In Baghdad, some 400 British nationals and their Iraqi sympathizers sought refuge in the British Embassy. The last person admitted into the compound was Freya Stark. Previously disdained by many compatriots, she was now hailed as a savior. “With her fluent local Arabic and her aplomb and bonhomie, she became our most useful contact at our gates with the Iraqi police posted here, and helped us to buy fresh meat and vegetables to leaven our Spartan fare,” one observer recalled. Her good relations with the guards may have saved the embassy from mobs. “We could see the crowds from the upper town, incited by speeches of the Mufti and their own radio, advancing with banners and drums and dancing figures silhouetted against the sky, towards our gates,” Stark wrote.
By early June, British forces had taken control of Baghdad. Rashid Ali’s two-month rule ended when he fled to Berlin. The four Iraqi colonels behind his coup were captured and hanged. In retaliation, outraged Iraqi mobs stormed the Jewish quarter, presumed to be pro-British, and killed 179 men, women and children, injuring hundreds more.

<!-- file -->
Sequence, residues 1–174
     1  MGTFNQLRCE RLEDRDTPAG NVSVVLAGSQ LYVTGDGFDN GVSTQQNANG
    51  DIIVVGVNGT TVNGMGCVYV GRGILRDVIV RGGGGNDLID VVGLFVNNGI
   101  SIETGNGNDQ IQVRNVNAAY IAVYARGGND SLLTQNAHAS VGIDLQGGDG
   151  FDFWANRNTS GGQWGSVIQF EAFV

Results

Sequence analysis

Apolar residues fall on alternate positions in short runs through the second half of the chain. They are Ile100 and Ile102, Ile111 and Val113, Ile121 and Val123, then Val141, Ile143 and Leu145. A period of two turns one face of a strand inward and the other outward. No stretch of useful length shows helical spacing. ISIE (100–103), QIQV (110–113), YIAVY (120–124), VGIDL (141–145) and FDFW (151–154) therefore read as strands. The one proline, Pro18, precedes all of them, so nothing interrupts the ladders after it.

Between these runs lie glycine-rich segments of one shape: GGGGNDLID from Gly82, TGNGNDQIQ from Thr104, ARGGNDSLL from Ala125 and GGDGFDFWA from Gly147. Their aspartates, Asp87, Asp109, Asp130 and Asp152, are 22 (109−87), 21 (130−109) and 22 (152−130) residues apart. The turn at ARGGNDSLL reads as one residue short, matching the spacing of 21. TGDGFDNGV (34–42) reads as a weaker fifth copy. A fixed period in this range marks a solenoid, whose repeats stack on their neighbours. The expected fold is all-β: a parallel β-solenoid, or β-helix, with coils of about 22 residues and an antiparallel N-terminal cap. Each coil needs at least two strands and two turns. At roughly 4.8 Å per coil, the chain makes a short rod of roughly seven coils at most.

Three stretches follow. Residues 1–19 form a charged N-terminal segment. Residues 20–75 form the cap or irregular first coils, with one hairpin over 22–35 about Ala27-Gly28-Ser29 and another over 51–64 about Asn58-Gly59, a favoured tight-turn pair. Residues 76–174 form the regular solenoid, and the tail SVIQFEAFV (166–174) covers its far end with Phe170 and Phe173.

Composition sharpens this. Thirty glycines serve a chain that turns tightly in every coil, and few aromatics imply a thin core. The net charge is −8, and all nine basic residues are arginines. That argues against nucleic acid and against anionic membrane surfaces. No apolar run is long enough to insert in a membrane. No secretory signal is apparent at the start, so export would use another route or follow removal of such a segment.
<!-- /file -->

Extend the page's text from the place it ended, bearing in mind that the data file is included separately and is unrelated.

Saddam Hussein, a child at the time, would later say that Rashid Ali’s rise and fall affected him deeply because the uncle who raised him was an army officer whose career ended when the coup was crushed.
Anti-British passions were further inflamed by the outbreak, in 1948, of war in Palestine, where Iraqi troops fought on the Arab side against the Israelis, whose ultimate victory, most Iraqis believed, could not have been achieved without British (and American) assistance. They were inflamed again in 1956 by the British role in wresting the Suez Canal back from Egyptian president Gamal Abdel Nasser. Then, the Qassem coup d’état in 1958 destroyed the monarchy once and for all. Ilah, the former regent, and Prime Minister Nuri Said were killed because they were felt to have been too eager to please the British by executing the plotters of Rashid Ali’s coup 17 years earlier.
The massacre of the Iraqi royal family left two major legacies of Great Britain’s four-decades-long involvement in Iraq: the nation retained essentially the same boundaries that Britain had traced in the early 1920s, and the Sunni minority held on to power.